3 "Nearly allied to these are the examples of peculiar transformations undergone by various insects, and the state of rest and insensibility which precede those transformations; such as the chrysalis or aurelia state of butterflies, moths, and silkworms. The myrmeleon forniicaleo, of whose larva, and its extraordinary history, Reaumur and Roesel have given accurate descriptions, continues in its insensible or chrysalis state about four weeks. The libellula, or dragon-fly, continues still longer in its state of inaction. Naturalists tell us that the worm repairs to the margin of its pond, in quest of a convenient place of abode, during its insensible state. It attaches itself to a plant, or piece of dry wood, and the skin, which gradually becomes parched and brittle, at last splits opposite to the upper part of the thorax: through this aperture the insect, now become winged, quickly pushes its way, and being thus extricated front confinement, begins to expand its wings, to flutter, and, finally, to launch into the air with that gracefulness and ease which are peculiar to this majestic tribe. Now who that saw, for the first time, the little pendant coffin in which the insect lay entombed, and was ignorant of the transformation of which we are now speaking, would ever predict that, in a few weeks, perhaps in a few days or hours, it would become one of the most elegant and active of winged insects? And who that contemplates, with the mind of a philosopher, this current transformation, and knows that two years before the insect mounts into the air, even while it is living in water, it has the rudiments of wings, can deny that the body of a dead man may, at some future period, be again invested with vigor and activity, and soar to regions for which some latent organization may have peculiarly fitted it?" -- Olythus Gregory's Letters on the Evidences of the Christian Religion, page 225. -- Ed.
4 "Ceste dinersite de qualite se monstre;" -- "This difference of quality shows itself."
5 " En l'application de ceste similitude;" -- "In the application of this similitude."
6 "Comment different nos corps que nons auons maintenant de ceux que nons aurons apres;" -- "In what respect our bodies, which we have now, will differ from those that we shall have afterwards."
7 "Qu'il n'ha maintenant;" -- "Than it has now."
8 "Au propos precedent;" -- "In the foregoing statement."
9 "It is generally agreed on by the best expositors, that
10 "Au reste la ou nous traduisons, Sensuel, il y auroit a le tourner au plus pres du Grec, Animal: c'est a dire, gouuerne et viuifie de l'ame. Voyla donc que signifie Le corps sensuel. Le corps spirituel est celuy qui est viuifie de l'Esprit;" -- "But what we translate sensual, might be rendered, more closely to the Greek, animal: that is to say, governed and quickened by the soul. Mark then what is meant by the sensual body. The spiritual body is that which is quickened by the Spirit."
11 "Sera vne chose beaucoup plus excellente;" -- "Will be a thing much more excellent."
12 "La substance du corps sera tousiours vne;" -- "The substance of the body will always be the same."
13 "Animation, qui est nom descendant de ce mot Ame;" -- "Animation, which is a name derived from this word Soul."
14 "Vne nouuelle imagination qu'il ait forgee;" -- "A new fancy that he had contrived."
15 "Ceci n'est point trouue en lieu quelconque de l'Escriture;" -- "This is not found in any passage of Scripture."
16 "As it is said, Adam was at first a living soul, (' So God breathed into him the breath of life,' -- that pure, divine, and heavenly breath,) ' and he became a living soul;' so, then to have asked the question, ' What is man?' must have been to receive the answer, ' He is a living soul: he is all soul, and that soul all life.' But now is this living soul buried in flesh, a lost thing to all the true, and great, and noble ends and purposes of that life which was at first given it. It is true, indeed, that this is a thing much less than what is said of the second Adam, in 1 Corinthians 15:45. ' The first man Adam was made a living soul; the second Adam was a quickening Spirit.' This latter is a great deal more. A living soul signified him to live himself; but a quickening spirit signifies a power to make others live. That the first Adam could not do; the more excellent kind of life which he had (for there was a complication of lives in the first creation of this man) he could not lose: but he could not give. He could not lose it from himself; but he could never have giver, it, by any power or immediate efficiency of his own, to another. -Here the second Adam -- the constitution of the second Adam -- was far above that of the first, in that he could quicken others -- a quickening spirit, not only quickened passively, but quickened actively, such a spirit as could give spirit, and diffuse life." -- Howe's Works, (Lond. 1834,) page 1209. -- Ed.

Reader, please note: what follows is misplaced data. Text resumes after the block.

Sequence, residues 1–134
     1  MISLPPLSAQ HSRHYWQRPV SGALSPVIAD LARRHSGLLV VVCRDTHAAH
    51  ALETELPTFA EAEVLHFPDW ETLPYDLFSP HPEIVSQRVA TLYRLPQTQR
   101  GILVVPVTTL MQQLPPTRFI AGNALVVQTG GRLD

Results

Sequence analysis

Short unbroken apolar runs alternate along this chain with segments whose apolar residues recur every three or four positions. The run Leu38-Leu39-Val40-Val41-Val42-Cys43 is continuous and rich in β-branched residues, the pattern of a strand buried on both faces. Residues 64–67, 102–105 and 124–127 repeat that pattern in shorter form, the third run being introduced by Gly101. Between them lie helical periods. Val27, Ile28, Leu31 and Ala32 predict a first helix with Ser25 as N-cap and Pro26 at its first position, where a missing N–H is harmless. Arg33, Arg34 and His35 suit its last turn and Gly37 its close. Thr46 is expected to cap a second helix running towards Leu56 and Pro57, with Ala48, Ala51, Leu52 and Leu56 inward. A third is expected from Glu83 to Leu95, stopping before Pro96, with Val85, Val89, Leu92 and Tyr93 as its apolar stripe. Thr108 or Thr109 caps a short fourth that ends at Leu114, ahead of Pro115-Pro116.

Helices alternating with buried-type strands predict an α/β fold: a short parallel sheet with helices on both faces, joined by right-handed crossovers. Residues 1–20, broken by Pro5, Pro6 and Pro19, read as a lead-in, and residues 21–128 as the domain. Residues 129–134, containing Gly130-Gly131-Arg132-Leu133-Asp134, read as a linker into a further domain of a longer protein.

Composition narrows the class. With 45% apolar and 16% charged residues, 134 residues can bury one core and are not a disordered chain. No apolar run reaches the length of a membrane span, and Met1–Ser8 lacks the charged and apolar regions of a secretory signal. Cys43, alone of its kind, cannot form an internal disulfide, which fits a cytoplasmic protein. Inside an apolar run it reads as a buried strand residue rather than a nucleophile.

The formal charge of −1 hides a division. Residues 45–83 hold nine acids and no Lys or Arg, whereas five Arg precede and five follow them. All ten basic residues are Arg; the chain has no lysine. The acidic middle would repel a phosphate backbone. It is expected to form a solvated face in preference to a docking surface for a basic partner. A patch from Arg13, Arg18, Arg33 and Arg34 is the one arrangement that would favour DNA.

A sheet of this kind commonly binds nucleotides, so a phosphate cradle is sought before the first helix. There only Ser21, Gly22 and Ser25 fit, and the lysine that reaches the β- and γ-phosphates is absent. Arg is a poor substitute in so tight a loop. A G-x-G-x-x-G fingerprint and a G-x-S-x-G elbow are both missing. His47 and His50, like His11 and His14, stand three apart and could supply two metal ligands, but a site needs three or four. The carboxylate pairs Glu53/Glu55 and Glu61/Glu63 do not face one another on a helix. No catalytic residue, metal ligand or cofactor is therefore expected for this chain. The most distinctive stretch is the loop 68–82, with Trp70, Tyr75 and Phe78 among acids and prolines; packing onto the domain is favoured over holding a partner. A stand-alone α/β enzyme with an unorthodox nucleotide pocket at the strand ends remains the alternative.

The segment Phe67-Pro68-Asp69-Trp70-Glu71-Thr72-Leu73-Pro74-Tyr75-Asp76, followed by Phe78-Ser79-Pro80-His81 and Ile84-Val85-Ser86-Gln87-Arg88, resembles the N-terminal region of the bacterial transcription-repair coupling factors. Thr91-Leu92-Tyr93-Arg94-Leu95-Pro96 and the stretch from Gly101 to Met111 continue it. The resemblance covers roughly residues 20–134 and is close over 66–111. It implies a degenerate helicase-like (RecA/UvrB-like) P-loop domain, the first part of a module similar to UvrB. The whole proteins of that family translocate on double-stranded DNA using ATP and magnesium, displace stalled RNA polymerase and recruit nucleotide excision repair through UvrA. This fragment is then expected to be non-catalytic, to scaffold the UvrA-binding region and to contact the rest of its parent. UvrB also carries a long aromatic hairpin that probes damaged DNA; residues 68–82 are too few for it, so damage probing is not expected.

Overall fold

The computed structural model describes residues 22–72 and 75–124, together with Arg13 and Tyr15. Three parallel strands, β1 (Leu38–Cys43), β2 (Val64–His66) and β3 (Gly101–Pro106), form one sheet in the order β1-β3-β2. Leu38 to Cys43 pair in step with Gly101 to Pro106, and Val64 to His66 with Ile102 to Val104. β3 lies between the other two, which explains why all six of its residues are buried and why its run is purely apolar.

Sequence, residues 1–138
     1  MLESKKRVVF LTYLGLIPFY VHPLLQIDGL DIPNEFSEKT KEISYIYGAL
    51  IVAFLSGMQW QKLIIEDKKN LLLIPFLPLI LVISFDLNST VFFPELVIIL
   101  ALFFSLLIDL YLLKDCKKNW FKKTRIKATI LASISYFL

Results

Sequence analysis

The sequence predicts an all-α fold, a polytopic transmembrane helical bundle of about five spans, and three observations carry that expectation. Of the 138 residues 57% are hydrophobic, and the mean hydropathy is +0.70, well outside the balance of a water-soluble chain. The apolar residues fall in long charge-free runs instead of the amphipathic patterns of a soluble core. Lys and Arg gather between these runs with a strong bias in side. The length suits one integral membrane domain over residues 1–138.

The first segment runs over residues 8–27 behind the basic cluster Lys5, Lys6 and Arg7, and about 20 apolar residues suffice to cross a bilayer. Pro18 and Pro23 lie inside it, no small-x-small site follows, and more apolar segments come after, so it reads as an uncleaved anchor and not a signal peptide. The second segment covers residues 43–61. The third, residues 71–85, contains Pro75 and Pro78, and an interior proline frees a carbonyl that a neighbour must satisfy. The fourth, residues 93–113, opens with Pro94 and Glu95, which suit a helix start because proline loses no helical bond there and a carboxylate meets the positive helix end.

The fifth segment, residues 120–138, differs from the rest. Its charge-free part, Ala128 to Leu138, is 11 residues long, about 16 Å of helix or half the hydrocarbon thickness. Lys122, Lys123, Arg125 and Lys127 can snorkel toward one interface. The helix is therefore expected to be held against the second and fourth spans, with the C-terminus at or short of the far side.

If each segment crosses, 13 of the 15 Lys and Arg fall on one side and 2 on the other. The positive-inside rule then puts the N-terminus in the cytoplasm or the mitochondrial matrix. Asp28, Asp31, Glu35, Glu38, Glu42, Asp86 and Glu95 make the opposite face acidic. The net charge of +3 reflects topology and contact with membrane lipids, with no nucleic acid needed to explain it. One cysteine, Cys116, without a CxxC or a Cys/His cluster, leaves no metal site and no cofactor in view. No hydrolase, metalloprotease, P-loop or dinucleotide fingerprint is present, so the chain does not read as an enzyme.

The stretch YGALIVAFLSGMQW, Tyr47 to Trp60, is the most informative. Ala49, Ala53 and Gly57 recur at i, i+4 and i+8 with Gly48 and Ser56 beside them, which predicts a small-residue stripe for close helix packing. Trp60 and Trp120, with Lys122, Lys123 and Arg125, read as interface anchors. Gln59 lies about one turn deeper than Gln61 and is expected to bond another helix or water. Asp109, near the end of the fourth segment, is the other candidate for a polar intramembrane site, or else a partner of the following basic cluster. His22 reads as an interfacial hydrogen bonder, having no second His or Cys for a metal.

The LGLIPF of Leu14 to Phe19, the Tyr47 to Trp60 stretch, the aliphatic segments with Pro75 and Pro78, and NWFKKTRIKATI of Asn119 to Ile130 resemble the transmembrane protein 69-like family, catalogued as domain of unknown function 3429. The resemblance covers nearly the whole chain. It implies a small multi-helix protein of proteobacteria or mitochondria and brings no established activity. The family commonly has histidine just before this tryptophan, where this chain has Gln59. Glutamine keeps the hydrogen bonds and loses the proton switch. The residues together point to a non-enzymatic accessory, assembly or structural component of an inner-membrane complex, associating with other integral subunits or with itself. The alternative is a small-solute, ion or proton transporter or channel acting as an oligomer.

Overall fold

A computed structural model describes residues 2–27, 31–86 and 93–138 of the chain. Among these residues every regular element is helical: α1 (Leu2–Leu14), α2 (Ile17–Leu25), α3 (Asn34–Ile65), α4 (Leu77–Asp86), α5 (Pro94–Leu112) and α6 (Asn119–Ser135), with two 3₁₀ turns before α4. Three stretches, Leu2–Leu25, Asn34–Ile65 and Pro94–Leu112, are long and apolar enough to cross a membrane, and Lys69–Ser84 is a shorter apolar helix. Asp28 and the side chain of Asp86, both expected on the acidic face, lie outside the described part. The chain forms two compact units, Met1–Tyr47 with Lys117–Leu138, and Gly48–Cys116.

17 The views held by Apollinaris were as follows: "Christum corpus assumpsisse sine anima, quod pro anima ei fuerit deitas illudque corpus consubstantiale fuisse deitati, nec ex substantia Martin efformatum;" -- "That Christ assumed a body without a stud, because Deity was to him in place of a stud, and that body was co-essential with Deity, and was not formed from the substance of Mary." -- See Mastrieht's Theology, (1698,) volume it. page 975. "Apollinaris, or Apollinarius, taught that the Son of God assumed manhood without a soul, (
18 "Le poure mal-heureux par sa transgression;" -- "The poor miserable creature by his transgression."
19 "Adam done et Christ;" -- "Adam and Christ, therefore."
20 "La vie sensuelle, ou animale, c'est a dire, que nous auons par le moyen de l'ame, precede;" -- "The sensual or animal life, that is to say, what we have by means of the soul, comes first."
21 "Plus haute et excellente que la terre;" -- "Higher and more excellent than the earth."
22 "La nature de l'antithese et comparison;" -- "The nature of the contrast and comparison."
23 "La meschante imagination;" -- "The wicked fancy."
24 "Afin que Fuse du terme commun;" -- "To use the common phrase."
25 "Pourtant en lieu de Nous porterons, aucuns ont traduit Portons. Et mesme aucuns liures Grecs le lisent ainsi;" -- "Hence instead of We shall bear, some have rendered it, Let us bear. And even some Greek manuscripts read it thus."
26 The Alexandrine manuscript, with some others, reads
27 "Car nons ne faisons encore que commencer a porter l'image de Jesus Christ;" -- "For as yet we do but begin to bear the image of Jesus Christ."